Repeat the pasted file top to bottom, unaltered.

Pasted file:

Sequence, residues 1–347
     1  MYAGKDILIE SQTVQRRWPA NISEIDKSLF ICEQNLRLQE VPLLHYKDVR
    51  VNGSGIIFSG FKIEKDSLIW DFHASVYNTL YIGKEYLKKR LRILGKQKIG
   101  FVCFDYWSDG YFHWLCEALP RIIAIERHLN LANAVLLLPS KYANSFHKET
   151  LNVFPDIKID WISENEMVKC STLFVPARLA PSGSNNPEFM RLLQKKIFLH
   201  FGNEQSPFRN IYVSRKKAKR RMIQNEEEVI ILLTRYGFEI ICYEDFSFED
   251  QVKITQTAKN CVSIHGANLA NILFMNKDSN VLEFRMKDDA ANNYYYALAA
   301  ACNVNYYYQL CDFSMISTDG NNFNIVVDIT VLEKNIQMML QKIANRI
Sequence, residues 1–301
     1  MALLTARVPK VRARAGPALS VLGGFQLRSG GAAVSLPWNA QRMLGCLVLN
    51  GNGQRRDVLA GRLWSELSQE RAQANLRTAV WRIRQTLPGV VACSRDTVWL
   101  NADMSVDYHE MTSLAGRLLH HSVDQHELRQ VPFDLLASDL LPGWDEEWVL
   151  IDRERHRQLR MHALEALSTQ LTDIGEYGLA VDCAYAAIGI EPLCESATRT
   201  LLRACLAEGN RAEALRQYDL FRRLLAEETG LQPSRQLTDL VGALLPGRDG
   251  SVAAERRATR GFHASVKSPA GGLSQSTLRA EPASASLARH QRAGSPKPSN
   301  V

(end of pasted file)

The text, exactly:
Sequence, residues 1–347
     1  MYAGKDILIE SQTVQRRWPA NISEIDKSLF ICEQNLRLQE VPLLHYKDVR
    51  VNGSGIIFSG FKIEKDSLIW DFHASVYNTL YIGKEYLKKR LRILGKQKIG
   101  FVCFDYWSDG YFHWLCEALP RIIAIERHLN LANAVLLLPS KYANSFHKET
   151  LNVFPDIKID WISENEMVKC STLFVPARLA PSGSNNPEFM RLLQKKIFLH
   201  FGNEQSPFRN IYVSRKKAKR RMIQNEEEVI ILLTRYGFEI ICYEDFSFED
   251  QVKITQTAKN CVSIHGANLA NILFMNKDSN VLEFRMKDDA ANNYYYALAA
   301  ACNVNYYYQL CDFSMISTDG NNFNIVVDIT VLEKNIQMML QKIANRI
Sequence, residues 1–301
     1  MALLTARVPK VRARAGPALS VLGGFQLRSG GAAVSLPWNA QRMLGCLVLN
    51  GNGQRRDVLA GRLWSELSQE RAQANLRTAV WRIRQTLPGV VACSRDTVWL
   101  NADMSVDYHE MTSLAGRLLH HSVDQHELRQ VPFDLLASDL LPGWDEEWVL
   151  IDRERHRQLR MHALEALSTQ LTDIGEYGLA VDCAYAAIGI EPLCESATRT
   201  LLRACLAEGN RAEALRQYDL FRRLLAEETG LQPSRQLTDL VGALLPGRDG
   251  SVAAERRATR GFHASVKSPA GGLSQSTLRA EPASASLARH QRAGSPKPSN
   301  V